John Philip Cohane

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John Philip Cohane, born in New Haven, Connecticut, was an archaeologist for the University of Pennsylvania. He later moved to Ireland to become an author on books on etymology and Ancient astronaut themes.[1][2]

Books[edit]

Cohane published The Indestructible Irish in 1968 in which he proposed that the Irish peoples were of 'Mediterranean origin’.[3] In the book he claimed that the original blood stock in England, Ireland, Scotland, and Wales is Semitic.[4] Cohane also published The Key: A Startling enquiry into the riddle of mans past the book claimed that before Egyptian, Greek, Phoenician and Carthaginian eras two major worldwide semitic migrations took place, Cohane believed that every civilization on earth had once been semitic he based his evidence on archeology and etymology. The book has been reviewed as a piece of pseudohistory[5][6]

The American linguist Cyrus Herzl Gordon was a friend of Cohane and wrote a preface to Cohane's book The Key, Gordon was supportive of many of Cohane's theories.[7][8]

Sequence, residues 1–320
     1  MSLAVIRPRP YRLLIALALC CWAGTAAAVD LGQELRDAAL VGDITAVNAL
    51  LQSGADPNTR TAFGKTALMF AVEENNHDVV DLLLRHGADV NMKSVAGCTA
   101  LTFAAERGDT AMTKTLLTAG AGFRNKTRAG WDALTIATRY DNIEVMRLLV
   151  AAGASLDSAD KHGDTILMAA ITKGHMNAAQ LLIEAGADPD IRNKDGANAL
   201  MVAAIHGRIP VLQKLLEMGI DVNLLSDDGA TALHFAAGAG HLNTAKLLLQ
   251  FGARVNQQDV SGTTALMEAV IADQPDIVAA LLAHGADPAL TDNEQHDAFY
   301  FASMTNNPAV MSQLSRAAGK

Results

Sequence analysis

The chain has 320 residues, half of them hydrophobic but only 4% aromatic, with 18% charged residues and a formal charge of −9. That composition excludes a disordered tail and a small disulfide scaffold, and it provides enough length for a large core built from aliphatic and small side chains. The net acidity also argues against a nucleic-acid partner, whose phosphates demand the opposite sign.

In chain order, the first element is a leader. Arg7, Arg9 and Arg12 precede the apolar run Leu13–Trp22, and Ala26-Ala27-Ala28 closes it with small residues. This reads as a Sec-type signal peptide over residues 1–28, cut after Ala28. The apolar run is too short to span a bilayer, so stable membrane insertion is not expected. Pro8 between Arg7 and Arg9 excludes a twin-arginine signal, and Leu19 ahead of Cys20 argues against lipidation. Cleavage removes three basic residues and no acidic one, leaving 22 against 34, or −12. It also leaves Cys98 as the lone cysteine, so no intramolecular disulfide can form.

Cohane claimed that geographical names in America have a Semitic origin.[9] He also believed that six word roots are found in most places names of most languages[10] Another claim by Cohane was that the Phoenicians adopted the alphabet from a prior Semitic culture.[11]

In 1977 Cohane published Paradox: The Case for the Extraterrestrial Origin of Man in which he claimed man is a product of interplanetary colonization (see Ancient astronauts).[12]

Bibliography[edit]

  • 1968 The Indestructible Irish
  • 1969 The Key: A Startling enquiry into the riddle of mans past
  • 1977 Paradox: The case for the extraterrestrial origin of man

See also[edit]

References[edit]

  1. ^ Randall Fitzgerald, Cosmic test tube: extraterrestrial contact, theories and evidence, Moon Lake Media, 1998, p. 55
  2. ^ Natalie Robins, Steven M. L. Aronson, Savage Grace: The True Story of Fatal Relations in a Rich and Famous American Family, 2007, p. 488
  3. ^ Éire-Ireland: a journal of Irish studies, Volume 5; Volume 5, Irish American Cultural Institute., 1966, p. 145
  4. ^ The Critic, Volume 27, Issue 6, Thomas More Association, 1969
  5. ^ American Anthropologist, Volume 80, Issue 3, pages 731–733, September 1978
  6. ^ http://www.jstor.org/pss/677086
  7. ^ Osbert Guy Stanhope Crawford, Antiquity: a quarterly review of archaeology, Volumes 51-53, Antiquity Publications, 1977
  8. ^ The Reprint bulletin, Volumes 23-24, American Library Association, Oceana Publications, 1978, p. 14
  9. ^ Cyrus Herzl Gordon, Before Columbus; links between the Old World and ancient America, Crown, 1971, p. 138
  10. ^ Eugene R. Fingerhut, Explorers of pre-Columbian America?: the diffusionist-inventionist controversy, Regina Books, 1994, p. 222
  11. ^ http://www.ancient-hebrew.org/11_alphabet.html
  12. ^ The New York times book review, The New York Times Company, 1977 p. 40